Just started my child on concerta

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    • #70144

      My daughter is 7, and she was diagnosed with ADHD at 5 years old. Her social life and school work was starting to suffer this year due to her issues with impulsivity and aggression, so I finally conceded to starting her on medication. She started concerta, 18mg, but I was given the generic version. I’m seeing on here there’s a lot of issues with the generic, but since this is my first run, I don’t have anything to compare it to. For those who’ve tried both, what exactly were the differences you saw? Should I be getting a new script from the neurologist that states it must be brand name? Also, for those with children who have been on it for some time, do you give it to your kids on days off from school? Some tell me to do that, others bode against it. Can it cause withdrawal for them to come off it for a day? I have a lot of questions to those who’ve been doing this for a while. I’m getting a lot of grief from family over putting her on this medication. My father and boyfriend said they don’t like how she is at night when it’s leaving her system. They keep saying I’m going to cause her brain damage. I’m confident in my decision, but I guess I’m looking for some answers and support from those with experience. Thank you so much

    • #70153

      Our daughter (14) has been on various medication combo’s since age 7. She started on Concerta, but not the generic. It wasn’t effective enough, but definitely helped, long story short, she tried different meds and combos until getting the right mix for her. It is true there were some issues with Concerta at night when the meds wore off, anger issues. However, the pluses outweighed the negatives. Nobody wants to give their children medicine, but ADD/ADHD is, in some ways, “brain damage” and the medicine helps it, not the other way around. Our daughters life has been helped, not injured, by the stimulants she takes. She can now read, function (keep up) in the classroom, have an active social life etc. etc. The few times over the years we have tried to reduce her dosages have reminded us of what life was like before medications, constant stress from arguing, frustration with inability to finish homework, I could go on and on. Regarding taking weekend breaks, we’ve found it not helpful, as she usually does homework on weekends too, and life itself is a learning process, they miss out on too much when not focused. She never had “withdrawal” symptoms, but one thing you will hear over and over is “every child is different”. Glad to hear you are confident with your decisions, keep involved reading blogs, articles, join support groups etc. as it is a long journey with many decisions but totally worth it when you have a happy, well adjusted child.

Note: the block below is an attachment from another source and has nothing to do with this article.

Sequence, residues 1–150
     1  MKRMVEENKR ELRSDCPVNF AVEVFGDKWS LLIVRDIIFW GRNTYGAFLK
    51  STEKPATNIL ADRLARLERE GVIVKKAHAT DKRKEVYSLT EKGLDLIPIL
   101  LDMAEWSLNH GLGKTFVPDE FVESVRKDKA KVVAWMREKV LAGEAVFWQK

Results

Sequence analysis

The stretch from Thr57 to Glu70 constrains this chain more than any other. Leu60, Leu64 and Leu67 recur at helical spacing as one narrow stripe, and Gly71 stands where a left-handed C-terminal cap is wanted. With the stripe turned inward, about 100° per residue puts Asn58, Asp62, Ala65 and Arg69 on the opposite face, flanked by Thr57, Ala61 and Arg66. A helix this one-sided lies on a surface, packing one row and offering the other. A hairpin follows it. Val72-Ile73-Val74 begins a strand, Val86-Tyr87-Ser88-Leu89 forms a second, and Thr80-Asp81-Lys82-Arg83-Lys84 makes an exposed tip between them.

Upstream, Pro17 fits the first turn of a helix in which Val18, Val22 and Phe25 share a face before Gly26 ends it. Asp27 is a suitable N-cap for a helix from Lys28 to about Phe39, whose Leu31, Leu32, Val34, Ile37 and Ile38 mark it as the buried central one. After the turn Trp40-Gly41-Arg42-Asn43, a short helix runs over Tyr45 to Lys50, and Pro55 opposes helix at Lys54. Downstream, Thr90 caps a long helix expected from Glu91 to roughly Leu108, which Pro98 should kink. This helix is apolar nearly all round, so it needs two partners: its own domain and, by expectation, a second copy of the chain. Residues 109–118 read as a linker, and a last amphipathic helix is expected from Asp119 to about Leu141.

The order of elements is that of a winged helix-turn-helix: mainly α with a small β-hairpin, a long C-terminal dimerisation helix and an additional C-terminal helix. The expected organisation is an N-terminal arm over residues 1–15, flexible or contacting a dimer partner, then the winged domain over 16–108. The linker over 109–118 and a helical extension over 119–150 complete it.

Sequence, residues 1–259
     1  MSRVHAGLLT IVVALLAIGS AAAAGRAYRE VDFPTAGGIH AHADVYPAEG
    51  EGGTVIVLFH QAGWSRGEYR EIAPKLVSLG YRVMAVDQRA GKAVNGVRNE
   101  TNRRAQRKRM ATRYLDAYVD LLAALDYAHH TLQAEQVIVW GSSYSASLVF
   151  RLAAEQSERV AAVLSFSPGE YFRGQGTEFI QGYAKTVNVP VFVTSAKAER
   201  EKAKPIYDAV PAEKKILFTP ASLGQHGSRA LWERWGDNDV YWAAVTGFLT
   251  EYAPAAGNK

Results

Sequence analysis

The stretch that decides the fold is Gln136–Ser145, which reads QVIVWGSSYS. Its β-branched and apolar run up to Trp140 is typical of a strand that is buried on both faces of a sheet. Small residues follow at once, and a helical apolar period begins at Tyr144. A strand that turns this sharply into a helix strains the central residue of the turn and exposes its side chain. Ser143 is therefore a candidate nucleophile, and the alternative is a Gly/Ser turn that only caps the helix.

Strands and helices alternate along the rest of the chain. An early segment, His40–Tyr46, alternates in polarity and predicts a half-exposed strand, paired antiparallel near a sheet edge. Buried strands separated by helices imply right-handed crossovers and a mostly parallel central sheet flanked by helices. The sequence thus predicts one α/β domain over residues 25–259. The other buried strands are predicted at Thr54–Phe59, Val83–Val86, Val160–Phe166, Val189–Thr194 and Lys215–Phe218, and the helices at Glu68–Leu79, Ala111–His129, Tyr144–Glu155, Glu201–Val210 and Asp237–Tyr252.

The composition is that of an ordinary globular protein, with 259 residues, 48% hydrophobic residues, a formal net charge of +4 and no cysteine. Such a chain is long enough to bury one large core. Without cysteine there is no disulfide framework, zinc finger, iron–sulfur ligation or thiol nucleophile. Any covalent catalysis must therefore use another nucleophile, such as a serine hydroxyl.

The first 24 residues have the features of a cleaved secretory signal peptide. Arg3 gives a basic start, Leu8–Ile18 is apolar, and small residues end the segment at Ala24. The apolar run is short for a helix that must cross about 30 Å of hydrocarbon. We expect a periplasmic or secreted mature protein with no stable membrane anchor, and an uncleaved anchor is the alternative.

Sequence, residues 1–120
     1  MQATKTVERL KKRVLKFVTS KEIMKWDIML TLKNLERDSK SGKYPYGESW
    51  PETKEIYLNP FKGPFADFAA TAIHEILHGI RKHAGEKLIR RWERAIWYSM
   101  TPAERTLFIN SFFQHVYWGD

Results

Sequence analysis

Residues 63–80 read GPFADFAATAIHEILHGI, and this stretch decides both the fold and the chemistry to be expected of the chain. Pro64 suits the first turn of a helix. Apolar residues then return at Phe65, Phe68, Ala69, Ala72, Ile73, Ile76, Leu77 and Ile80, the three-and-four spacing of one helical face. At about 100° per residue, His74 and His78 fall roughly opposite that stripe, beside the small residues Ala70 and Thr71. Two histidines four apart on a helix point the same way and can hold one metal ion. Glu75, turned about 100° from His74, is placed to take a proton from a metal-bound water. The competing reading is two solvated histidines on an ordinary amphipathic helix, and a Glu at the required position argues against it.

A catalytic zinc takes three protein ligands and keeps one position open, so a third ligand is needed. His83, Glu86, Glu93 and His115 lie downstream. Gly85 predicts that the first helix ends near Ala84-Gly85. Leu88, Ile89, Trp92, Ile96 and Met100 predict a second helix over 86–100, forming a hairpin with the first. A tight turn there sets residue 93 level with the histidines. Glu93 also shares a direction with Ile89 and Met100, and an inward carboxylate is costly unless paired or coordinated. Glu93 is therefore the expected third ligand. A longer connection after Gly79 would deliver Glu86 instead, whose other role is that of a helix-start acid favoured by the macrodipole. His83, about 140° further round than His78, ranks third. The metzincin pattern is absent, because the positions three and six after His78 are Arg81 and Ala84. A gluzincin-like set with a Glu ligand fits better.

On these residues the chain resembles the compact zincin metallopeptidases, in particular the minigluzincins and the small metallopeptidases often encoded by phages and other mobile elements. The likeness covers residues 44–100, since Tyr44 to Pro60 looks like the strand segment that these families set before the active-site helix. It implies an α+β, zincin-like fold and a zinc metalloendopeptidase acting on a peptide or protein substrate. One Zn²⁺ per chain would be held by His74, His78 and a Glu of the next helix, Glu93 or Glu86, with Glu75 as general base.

• #70157

      Hi, I’m a 29 year old graduate student, I take concerta and I was recently looking into this.

      There is one brand name drug and one “authorized generic” that are totally identical. There were two generics that were found not to be bioequivalent (basically: does the drug work the same way in the body), and about a year ago the FDA proposed taking them off the market. I couldn’t find any new information, but if what the FDA proposed went through, those generics are no longer on the market anyway. If you’re concerned, ask your pharmacist which company is making the drugs – the 2 authorized ones are Actavis and Janssen. And if you do ask your doctor to write for the brand name, make sure your insurance will cover it. I also want to mention that the two other generics weren’t *harmful*, they just weren’t as effective as the brand name drug.

      I took concerta for some time as a kid, but I don’t remember how I reacted to it then. Taking it now, I can say that I definitely have withdrawal on days when I don’t take it – basically I just feel really sleepy starting in the afternoon. If I’m doing something pretty active I can work through it, but if I’m just sitting around at home I’ll usually take a nap. I don’t like taking breaks most of the time anyway, because on my “days off” I still have to be able to run errands and be productive elsewhere in my life – but maybe that’s not as much of a problem for a 7-year-old! 😉 If early sleepiness is your daughter’s problem in the afternoons and evenings when it’s wearing off, some people are prescribed a small dose of ritalin (the short acting version of concerta) to get them through the last few hours of the day. It might make it harder to go to sleep if she takes it too late, though.